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GYNAECOLOGY AND OBSTETRICS IMAGING Table of Contents   
Year : 2006  |  Volume : 16  |  Issue : 4  |  Page : 827-829
Antenatal diagnosis of Ebstein's anomaly by ultrasonography- a case report


Dept Of Radiodiagnosis, Rural Medical College , Pravara Institue Of Medical Sciences , Loni, BK Pin : 413736, Ahmednagar, India

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Date of Submission27-Jan-2006
Date of Acceptance10-Oct-2006
 

Keywords: Ebstein′s anomaly, antenatal, four chamber view, fetal echocardiography

How to cite this article:
Divekar S A, Kawade R D, Aironi V D, Sachdev Y P, Kashyape R S. Antenatal diagnosis of Ebstein's anomaly by ultrasonography- a case report. Indian J Radiol Imaging 2006;16:827-9

How to cite this URL:
Divekar S A, Kawade R D, Aironi V D, Sachdev Y P, Kashyape R S. Antenatal diagnosis of Ebstein's anomaly by ultrasonography- a case report. Indian J Radiol Imaging [serial online] 2006 [cited 2019 Dec 13];16:827-9. Available from: http://www.ijri.org/text.asp?2006/16/4/827/32360

   Introduction Top


Ebstein's anomaly is a rare congenital cardiac malformation characterized by inferior displacement of the tricuspid valve leaflets into the cavity of the right ventricle [1],[2]. In the fetus, an ultrasound and echocardiography has been proven to be reliable in differentiating the variants of Ebstein's anomaly [3],[4]. We report a case of Ebstein's anomaly diagnosed on the routine obstetric ultrasound, antenatally at 27 weeks of gestation. Additionally colpocephaly was also present.


   Case report Top


A 26 year primigravida, having no positive history including any drug intake, visited for routine antenatal foetal ultrasonography at 27th weeks menstrual age.

The past history (including the drug history) was non contributory. The general, systemic and obstetric examination was unremarkable. On ultrasonography, there was a single live intrauterine foetus in vertex lie. The growth parameters were corresponding to the menstrual age and the amniotic fluid was adequate.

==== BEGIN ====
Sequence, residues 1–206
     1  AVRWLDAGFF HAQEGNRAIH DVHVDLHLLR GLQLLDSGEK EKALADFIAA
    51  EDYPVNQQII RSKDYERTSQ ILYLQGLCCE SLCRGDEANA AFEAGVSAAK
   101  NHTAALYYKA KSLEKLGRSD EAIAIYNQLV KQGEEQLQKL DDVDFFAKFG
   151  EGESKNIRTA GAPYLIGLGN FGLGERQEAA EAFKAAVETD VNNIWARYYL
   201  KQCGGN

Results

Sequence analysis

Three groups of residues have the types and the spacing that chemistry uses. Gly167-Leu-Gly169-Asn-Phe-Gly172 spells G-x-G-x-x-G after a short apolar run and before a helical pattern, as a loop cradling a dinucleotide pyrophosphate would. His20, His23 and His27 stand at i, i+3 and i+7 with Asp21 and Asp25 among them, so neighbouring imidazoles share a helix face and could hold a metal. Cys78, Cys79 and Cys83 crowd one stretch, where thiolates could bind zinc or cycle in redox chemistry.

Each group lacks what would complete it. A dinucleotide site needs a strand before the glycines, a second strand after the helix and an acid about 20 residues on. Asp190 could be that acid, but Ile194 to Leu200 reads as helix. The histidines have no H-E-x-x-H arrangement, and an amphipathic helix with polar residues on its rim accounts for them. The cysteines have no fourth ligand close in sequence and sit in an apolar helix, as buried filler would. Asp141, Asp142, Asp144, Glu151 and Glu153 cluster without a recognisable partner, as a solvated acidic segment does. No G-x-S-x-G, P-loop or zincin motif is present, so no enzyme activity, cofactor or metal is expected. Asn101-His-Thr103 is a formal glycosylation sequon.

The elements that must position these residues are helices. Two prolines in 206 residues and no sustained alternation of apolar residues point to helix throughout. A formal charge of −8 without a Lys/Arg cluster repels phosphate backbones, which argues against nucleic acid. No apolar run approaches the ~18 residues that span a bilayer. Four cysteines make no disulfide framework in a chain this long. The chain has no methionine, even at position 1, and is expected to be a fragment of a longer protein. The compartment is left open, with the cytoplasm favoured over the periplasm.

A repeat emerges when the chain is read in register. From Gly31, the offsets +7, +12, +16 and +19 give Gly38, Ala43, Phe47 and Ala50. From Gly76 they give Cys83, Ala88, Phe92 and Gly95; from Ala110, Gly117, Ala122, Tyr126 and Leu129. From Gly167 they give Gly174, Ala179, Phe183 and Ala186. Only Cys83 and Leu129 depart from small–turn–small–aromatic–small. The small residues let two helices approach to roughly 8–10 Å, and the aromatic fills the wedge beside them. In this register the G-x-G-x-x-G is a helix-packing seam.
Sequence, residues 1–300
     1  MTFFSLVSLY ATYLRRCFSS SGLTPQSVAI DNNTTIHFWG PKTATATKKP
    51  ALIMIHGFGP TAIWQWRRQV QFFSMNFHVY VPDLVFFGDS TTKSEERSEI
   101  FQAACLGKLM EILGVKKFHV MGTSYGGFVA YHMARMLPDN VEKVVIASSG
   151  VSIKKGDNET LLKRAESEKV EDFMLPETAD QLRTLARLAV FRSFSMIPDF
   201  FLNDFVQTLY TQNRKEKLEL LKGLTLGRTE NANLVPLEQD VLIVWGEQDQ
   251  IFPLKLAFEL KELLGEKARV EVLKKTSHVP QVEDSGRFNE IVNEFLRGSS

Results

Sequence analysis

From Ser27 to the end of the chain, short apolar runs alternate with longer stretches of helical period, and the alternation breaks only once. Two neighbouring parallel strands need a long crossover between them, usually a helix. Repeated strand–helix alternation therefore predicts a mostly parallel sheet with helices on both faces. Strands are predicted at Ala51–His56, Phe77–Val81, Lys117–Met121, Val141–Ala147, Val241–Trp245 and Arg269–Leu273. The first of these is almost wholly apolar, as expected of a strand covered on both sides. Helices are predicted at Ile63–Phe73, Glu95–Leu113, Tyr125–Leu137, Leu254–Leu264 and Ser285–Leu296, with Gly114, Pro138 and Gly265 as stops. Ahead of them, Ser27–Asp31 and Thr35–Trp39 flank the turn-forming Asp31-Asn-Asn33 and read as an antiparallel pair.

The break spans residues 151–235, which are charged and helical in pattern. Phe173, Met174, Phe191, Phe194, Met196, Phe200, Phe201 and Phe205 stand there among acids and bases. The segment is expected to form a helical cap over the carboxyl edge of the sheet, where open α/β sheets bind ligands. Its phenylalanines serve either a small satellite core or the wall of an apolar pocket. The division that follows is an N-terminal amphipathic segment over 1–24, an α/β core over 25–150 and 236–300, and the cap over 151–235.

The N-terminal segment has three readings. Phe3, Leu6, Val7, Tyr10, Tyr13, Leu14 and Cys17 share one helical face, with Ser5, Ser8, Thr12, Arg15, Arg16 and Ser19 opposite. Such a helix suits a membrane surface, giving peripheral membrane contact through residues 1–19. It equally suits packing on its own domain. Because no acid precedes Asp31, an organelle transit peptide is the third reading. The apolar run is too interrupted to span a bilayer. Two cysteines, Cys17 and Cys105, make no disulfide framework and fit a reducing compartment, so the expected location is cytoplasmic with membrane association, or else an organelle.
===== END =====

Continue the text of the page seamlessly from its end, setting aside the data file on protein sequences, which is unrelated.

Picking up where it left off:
On examining the four chamber view, the right atrium was found to be severely dilated. There was downward displacement of septal and posterior leaflets of the tricuspid valve, which were tethered to the muscular part of ventricular septum (fig 1). The valve was also thickened, deformed with abnormal movement on dynamic scanning. The effective right ventricular cavity was severely hypoplastic.The findings were consistent with Ebstein's anomaly. The echocardiogram also showed moderate to severe tricuspid valve regurgitation confirmed on colour Doppler (Fig 7), and spectral waveform (Fig 8), a small to moderate peri-membranous ventricular septal defect, with a left-to-right shunt, and a secundum atrial septal defect. There was cardiomegaly with pulmonary hypoplasia (fig 6). However, there was no evidence of hydrops fetalis.

In addition, there was associated colpocephaly (dilatation of occipital horns of both lateral ventricles) (fig 5).

Considering the prognosis, termination of the pregnancy was suggested to the mother. An informed choice was made and the mother chose to abort. Findings were confirmed on autopsy of aborted foetus.


   Discussion Top


Ebstein's anomaly is an uncommon congenital cardiac anomaly with reported incidence of 0.2 - 0.5 % of all cardiac anomalies. In this anomaly, the tricuspid valve leaflets do not attach to their normal location at the annular ring, but displaced downwards, reducing the effective right ventricular cavity. The right ventricle is divided into proximal 'atrialized' right ventricle, having a thin wall and distal small trabecular functioning portion of right ventricle having a thick wall. It is associated with atrial septal defects (up to 90%), anatomic or functional pulmonary atresia (in a small percentage), and rare ventricular septal defect [4]. Ebstein's anomaly can lead to severe tricuspid regurgitation and cardiac dysfunction in utero, resulting in fetal cardiomegaly, heart failure, pulmonary hypoplasia, hydrops, and tachyarrhythmias [2],[3],[4].